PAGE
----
From boba tea shop to multimillion-dollar conglomerate

09/11/2021 04:42 PM
To activate the text-to-speech service, please first agree to the privacy policy below.
Taiwanese-American entrepreneur Alan Yu (in black). CNA photo Sept. 11, 2021
Taiwanese-American entrepreneur Alan Yu (in black). CNA photo Sept. 11, 2021

Los Angeles, Sept. 10 (CNA) Starting with a humble beverage shop, a Taiwanese-American boba tea entrepreneur managed to transform his business into a multimillion-dollar packaging giant that is publicly listed on Nasdaq.

On Sept. 8, Taiwanese-American entrepreneur Alan Yu (俞宗明) shared his success story as he hosted a delegation made up of members from the Taipei Economic and Cultural Office in Los Angeles (TECOLA), the Taiwanese-American Chamber of Commerce of Greater Los Angeles (TACCLA) and media representatives.

The meet was held at Yu's facility located in Chino, California. The roughly 50,000-sq-ft facility serves as the principal executive and administrative headquarters of his companies: Karat Packaging, Inc. and Lollicup USA, Inc., as well as a manufacturing plant for select products.

Karat is currently a publicly listed company valued at approximately US$368 million.

However, Yu's empire came from humble beginnings. His first foray into the food and beverage industry began in 2000 when he decided to open his first boba tea shop in San Gabriel, California with his partner Marvin Cheng (鄭光宏).

Soon, Lollicup USA Inc. was founded, focusing initially on the establishment, franchising and licensing of boba tea stores all across the U.S.

According to Yu, he was the person who coined "boba tea," the English term used to describe the internationally popular Taiwanese beverage.

Yu said that instead of using "pearls," the term commonly used in Taiwan to describe the jewel-like tapioca balls, he decided on "boba," an older Mandarin slang used to describe the voluptuous figure of a woman, to associate the snack with the supersizing of day-to-day items commonly practiced in the U.S.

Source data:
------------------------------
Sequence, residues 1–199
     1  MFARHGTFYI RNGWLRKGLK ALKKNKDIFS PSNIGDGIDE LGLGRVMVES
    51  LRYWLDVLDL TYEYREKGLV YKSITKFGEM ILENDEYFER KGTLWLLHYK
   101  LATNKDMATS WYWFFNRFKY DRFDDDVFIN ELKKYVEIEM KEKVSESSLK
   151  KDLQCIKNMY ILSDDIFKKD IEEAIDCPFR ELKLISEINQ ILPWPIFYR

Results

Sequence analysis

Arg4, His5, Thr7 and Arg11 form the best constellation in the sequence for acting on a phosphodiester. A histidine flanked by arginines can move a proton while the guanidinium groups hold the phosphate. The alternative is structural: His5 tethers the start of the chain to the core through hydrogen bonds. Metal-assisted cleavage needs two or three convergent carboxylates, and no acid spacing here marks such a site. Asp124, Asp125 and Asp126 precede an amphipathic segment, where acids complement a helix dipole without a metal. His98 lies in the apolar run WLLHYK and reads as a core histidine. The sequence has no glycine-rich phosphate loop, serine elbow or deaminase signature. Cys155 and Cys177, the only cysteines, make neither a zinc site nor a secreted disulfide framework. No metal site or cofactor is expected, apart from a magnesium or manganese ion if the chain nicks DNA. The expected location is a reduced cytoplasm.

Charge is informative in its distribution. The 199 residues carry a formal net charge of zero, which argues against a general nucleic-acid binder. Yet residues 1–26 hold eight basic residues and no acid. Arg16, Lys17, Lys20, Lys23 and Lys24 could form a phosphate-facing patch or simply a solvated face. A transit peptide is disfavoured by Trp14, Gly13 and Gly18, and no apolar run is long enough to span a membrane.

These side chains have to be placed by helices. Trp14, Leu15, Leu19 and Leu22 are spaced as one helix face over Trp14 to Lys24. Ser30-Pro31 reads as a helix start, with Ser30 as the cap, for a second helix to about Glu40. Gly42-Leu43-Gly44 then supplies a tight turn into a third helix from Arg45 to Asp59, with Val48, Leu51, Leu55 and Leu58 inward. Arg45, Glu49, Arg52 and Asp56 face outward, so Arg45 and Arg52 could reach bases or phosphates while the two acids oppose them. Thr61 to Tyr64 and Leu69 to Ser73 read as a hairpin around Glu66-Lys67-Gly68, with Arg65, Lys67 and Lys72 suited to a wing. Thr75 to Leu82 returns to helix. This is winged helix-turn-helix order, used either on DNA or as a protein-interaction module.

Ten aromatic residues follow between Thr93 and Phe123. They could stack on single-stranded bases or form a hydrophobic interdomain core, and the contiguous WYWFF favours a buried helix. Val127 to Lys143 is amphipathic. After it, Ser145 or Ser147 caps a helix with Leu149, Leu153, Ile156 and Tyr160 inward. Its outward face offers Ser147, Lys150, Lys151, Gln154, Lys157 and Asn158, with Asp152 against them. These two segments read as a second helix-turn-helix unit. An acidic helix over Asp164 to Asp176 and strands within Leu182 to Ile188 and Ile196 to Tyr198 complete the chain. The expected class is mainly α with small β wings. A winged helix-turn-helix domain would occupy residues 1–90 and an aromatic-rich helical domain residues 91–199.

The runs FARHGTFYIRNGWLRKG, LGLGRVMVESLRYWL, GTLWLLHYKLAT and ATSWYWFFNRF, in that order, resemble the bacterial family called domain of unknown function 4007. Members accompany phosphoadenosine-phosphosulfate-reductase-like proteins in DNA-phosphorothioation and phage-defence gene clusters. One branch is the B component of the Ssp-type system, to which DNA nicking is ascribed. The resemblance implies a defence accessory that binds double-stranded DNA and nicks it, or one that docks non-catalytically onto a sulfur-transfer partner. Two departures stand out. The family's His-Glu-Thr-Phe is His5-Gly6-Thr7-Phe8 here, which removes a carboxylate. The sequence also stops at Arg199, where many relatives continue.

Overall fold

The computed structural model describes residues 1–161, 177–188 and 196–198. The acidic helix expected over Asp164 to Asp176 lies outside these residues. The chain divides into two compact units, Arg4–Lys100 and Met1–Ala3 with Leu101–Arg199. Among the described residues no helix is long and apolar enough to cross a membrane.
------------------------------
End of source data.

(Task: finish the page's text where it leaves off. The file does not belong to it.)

The operation quickly went from a single store in 2000 to more than 60 stores in 2006. To guarantee quality control in all of their stores, the company expanded its focus in 2004 to include the distribution of supplies for the entire boba industry in the U.S.

Later, in 2014, the company began distributing and manufacturing products under a new brand, Karat, as a result of a growing demand for their packaging products in the U.S. food service industry.

Karat Packaging Inc. was eventually incorporated in September 2018 as the holding company for Lollicup.

In response to being asked about the key to his success, Yu said that it is always important to keep risk diversification in mind during the growth process of a company. Yu also said dedication, adaptability and perseverance in problem-solving were factors that enabled the company's growth.

Echoing Yu's statement, Lollicup and Karat's Chief Operation Officer, Joanne Wang (王姿容), used examples of how the company spread its focus in the last 20 years, all the while coming face to face with unforeseen obstacles such as the September 11 attacks, the 2018 financial crisis, and the most recent COVID-19 pandemic.

"There are a lot of people out there in the business of boba tea products," Wang said, "but we are able to achieve what others could not, such as decreasing volume to lower logistics expenses, and selecting the right kind of plastic to minimize breaking during transport."

Liu Lun-cheng (劉倫正), head of the Economic Division at TECOLA who was also in attendance, said Yu's ability to transform a small-scale beverage shop into a NASDAQ-listed public company fully encompassed and represented the hardworking spirit of the Taiwanese people.

TACCLA's president, Lisa Liu (劉雅薇), noted that it was an impressive feat for a Taiwanese-American founded company to penetrate the mainstream U.S. market, getting clients such as popular food chains like TGI Fridays.

Today, Lollicup has a geographical reach across six U.S. states, consisting of distribution centers, supply stores, manufacturing plants and warehouses in Hawaii, Washington, California, Texas, South Carolina and New Jersey.

(By Lin Hung-han and James Lo)

Enditem/ HY

    We value your privacy.
    Focus Taiwan (CNA) uses tracking technologies to provide better reading experiences, but it also respects readers' privacy. Click here to find out more about Focus Taiwan's privacy policy. When you close this window, it means you agree with this policy.